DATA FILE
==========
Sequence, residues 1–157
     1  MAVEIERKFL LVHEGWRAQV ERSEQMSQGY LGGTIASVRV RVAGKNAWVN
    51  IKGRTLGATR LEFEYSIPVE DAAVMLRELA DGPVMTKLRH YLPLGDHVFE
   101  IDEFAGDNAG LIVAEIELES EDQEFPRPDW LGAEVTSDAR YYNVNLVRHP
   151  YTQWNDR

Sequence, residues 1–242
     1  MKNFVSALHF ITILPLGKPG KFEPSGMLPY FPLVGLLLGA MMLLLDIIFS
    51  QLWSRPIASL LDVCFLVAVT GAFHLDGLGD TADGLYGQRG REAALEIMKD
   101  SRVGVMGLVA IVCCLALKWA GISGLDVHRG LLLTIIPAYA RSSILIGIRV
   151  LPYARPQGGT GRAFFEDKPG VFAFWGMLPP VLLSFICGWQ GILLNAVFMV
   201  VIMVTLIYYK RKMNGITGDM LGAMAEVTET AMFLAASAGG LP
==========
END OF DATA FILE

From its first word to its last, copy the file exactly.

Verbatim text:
Sequence, residues 1–157
     1  MAVEIERKFL LVHEGWRAQV ERSEQMSQGY LGGTIASVRV RVAGKNAWVN
    51  IKGRTLGATR LEFEYSIPVE DAAVMLRELA DGPVMTKLRH YLPLGDHVFE
   101  IDEFAGDNAG LIVAEIELES EDQEFPRPDW LGAEVTSDAR YYNVNLVRHP
   151  YTQWNDR

Sequence, residues 1–242
     1  MKNFVSALHF ITILPLGKPG KFEPSGMLPY FPLVGLLLGA MMLLLDIIFS
    51  QLWSRPIASL LDVCFLVAVT GAFHLDGLGD TADGLYGQRG REAALEIMKD
   101  SRVGVMGLVA IVCCLALKWA GISGLDVHRG LLLTIIPAYA RSSILIGIRV
   151  LPYARPQGGT GRAFFEDKPG VFAFWGMLPP VLLSFICGWQ GILLNAVFMV
   201  VIMVTLIYYK RKMNGITGDM LGAMAEVTET AMFLAASAGG LP